So far the roll-out has largely involved the simplest of cases, and the ineligibility list for potential UC claimants is long.  By 10 December 2015, fewer than 200,000 people were on the DWP’s UC “caseload” list.

The actual number could be far fewer because the exact number recorded by the DWP by 10 December 2015 (175, 505)  does not include people whose claims have terminated because they have become ineligible by for example having capital more than £16,000 or earning more so that their benefits are reduced to zero.

The plan is to have more than seven million on the benefit, and the timetable for completion of the roll-out has stretched from 2017 originally to 2021,  although some independent experts believe the roll-out will not complete before 2023.

Meanwhile the DWP appears to be controlling carefully the information it gives to Parliament on progress. The committee accuses the DWP in today’s report of making it difficult for Parliament and taxpayers to hold the department to account. Says the report,

“The programme’s lack of clear and specific milestones creates uncertainty for claimants, advisers, and local authorities, and makes it difficult for Parliament and taxpayers to hold the Department to account.”

These are more excerpts from the report:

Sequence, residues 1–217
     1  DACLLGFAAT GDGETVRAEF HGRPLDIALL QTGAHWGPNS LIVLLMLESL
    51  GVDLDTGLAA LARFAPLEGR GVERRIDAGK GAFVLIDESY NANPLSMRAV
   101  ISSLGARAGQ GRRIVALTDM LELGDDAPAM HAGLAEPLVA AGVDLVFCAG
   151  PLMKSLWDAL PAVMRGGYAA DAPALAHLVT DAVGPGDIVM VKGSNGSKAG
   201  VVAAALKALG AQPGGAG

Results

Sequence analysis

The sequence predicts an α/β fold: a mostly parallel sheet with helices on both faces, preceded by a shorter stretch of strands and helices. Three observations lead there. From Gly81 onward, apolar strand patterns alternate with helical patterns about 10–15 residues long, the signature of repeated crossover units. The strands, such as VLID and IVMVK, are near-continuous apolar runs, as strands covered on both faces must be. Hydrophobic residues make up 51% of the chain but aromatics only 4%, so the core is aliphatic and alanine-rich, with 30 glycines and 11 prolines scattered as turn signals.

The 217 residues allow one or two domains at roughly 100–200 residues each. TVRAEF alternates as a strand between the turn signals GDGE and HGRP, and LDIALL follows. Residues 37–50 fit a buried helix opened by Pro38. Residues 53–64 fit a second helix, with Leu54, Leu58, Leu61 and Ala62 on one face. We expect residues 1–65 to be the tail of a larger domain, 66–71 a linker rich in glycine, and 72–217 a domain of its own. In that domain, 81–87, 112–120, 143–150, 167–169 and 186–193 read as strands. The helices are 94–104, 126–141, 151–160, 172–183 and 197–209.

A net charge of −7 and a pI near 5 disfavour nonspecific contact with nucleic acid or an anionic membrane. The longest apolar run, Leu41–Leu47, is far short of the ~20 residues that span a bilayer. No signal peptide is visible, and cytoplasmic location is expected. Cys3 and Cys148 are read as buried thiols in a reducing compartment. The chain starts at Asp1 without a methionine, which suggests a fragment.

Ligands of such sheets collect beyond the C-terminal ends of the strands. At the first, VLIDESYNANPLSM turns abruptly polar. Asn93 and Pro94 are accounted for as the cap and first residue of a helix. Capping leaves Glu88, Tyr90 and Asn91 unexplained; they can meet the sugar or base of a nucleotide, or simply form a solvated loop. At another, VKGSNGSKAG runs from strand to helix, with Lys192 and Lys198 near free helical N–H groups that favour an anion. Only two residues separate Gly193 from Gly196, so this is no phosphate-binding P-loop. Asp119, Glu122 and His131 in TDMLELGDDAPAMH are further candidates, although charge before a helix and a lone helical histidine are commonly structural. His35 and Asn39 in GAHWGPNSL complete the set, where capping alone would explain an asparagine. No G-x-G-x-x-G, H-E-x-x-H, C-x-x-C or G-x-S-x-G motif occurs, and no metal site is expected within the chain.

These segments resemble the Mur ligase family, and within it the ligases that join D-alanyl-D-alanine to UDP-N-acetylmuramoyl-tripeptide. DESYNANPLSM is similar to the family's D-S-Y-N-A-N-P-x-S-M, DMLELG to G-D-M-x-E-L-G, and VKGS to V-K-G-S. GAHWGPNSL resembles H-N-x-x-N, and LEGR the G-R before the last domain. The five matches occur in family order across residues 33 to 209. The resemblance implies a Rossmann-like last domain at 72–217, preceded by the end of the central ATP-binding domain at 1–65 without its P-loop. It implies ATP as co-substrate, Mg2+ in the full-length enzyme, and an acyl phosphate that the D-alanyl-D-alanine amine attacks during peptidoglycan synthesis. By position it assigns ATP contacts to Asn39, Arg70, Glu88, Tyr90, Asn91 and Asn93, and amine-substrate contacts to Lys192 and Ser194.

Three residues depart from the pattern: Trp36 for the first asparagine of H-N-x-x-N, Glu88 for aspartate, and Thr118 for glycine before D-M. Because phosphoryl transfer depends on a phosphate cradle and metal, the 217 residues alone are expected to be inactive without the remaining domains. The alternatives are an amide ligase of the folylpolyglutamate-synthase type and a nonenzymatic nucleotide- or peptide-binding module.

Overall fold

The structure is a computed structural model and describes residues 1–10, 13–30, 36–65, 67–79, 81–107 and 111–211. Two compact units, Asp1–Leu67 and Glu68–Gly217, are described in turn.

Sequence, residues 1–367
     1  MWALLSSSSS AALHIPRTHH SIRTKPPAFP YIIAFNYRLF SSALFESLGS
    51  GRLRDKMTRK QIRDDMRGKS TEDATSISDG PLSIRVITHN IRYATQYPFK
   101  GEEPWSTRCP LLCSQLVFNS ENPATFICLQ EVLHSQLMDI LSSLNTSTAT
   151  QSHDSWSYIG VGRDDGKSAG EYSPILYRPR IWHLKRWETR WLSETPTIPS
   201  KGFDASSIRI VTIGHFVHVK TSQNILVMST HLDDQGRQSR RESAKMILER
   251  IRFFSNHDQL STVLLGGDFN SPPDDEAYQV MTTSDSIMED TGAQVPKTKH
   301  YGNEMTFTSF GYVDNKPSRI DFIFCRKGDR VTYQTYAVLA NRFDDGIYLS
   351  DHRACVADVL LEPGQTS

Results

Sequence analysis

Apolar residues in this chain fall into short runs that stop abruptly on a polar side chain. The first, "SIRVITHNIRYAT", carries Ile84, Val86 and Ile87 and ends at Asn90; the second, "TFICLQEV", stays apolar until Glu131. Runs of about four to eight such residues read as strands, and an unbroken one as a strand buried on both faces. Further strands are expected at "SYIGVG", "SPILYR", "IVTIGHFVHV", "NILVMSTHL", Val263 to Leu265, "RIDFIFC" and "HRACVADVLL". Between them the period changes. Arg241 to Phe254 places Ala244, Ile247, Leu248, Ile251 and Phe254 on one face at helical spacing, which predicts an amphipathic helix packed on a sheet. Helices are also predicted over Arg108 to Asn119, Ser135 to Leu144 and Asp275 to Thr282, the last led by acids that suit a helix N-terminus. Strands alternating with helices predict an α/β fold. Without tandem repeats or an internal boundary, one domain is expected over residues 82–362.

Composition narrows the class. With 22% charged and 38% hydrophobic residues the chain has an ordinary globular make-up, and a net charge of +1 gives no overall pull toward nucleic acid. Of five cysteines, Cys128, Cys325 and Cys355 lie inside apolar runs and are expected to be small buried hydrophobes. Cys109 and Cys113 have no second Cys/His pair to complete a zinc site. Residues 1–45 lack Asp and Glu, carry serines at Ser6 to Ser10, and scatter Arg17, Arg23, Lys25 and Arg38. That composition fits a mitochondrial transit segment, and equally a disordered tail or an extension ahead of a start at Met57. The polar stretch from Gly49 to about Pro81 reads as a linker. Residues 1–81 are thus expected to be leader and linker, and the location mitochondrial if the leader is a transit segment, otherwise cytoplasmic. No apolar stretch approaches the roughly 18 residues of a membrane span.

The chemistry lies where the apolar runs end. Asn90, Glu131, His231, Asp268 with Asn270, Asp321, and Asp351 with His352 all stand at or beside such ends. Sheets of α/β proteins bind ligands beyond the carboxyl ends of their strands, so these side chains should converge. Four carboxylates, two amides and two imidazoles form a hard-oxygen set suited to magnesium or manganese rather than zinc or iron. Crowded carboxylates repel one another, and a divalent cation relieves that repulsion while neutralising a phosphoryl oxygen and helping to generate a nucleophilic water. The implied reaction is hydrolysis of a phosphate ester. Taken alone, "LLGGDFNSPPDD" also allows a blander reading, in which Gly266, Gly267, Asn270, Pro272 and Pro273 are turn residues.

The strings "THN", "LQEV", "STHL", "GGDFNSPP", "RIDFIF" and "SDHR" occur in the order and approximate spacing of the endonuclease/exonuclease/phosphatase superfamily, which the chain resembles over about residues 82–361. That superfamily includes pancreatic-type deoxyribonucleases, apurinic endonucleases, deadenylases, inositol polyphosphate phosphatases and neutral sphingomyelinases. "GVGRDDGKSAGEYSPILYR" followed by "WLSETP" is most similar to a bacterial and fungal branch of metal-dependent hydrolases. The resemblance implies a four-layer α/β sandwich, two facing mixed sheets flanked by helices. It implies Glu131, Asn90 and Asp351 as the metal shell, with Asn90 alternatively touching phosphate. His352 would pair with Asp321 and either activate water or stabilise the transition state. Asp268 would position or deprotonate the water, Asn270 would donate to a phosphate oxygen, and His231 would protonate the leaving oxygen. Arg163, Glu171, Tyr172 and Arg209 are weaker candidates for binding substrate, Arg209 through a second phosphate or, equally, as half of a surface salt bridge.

“In February 2015 the previous Committee of Public Accounts published Universal Credit: progress update … The Department accepted the Committee’s recommendations.

“However, we felt that the Department’s responses were rather weak and lacked specifics, and we were not convinced that it is committed to ensuring there is real clarity on this important programme’s progress.

“As a result, we recalled both the Department and HM Treasury to discuss a number of issues that concerned us, particularly around the business case, the continuing risks of delay, and the lack of transparency and clear milestones.

“Recommendation: The Department should set out clearly how it is tracking the costs of continuing delays, and who is responsible for ensuring benefits are maximised.

“The Department does not publish accessible information about plans and milestones and we are concerned by the lack of detail in the public domain about its expected progress.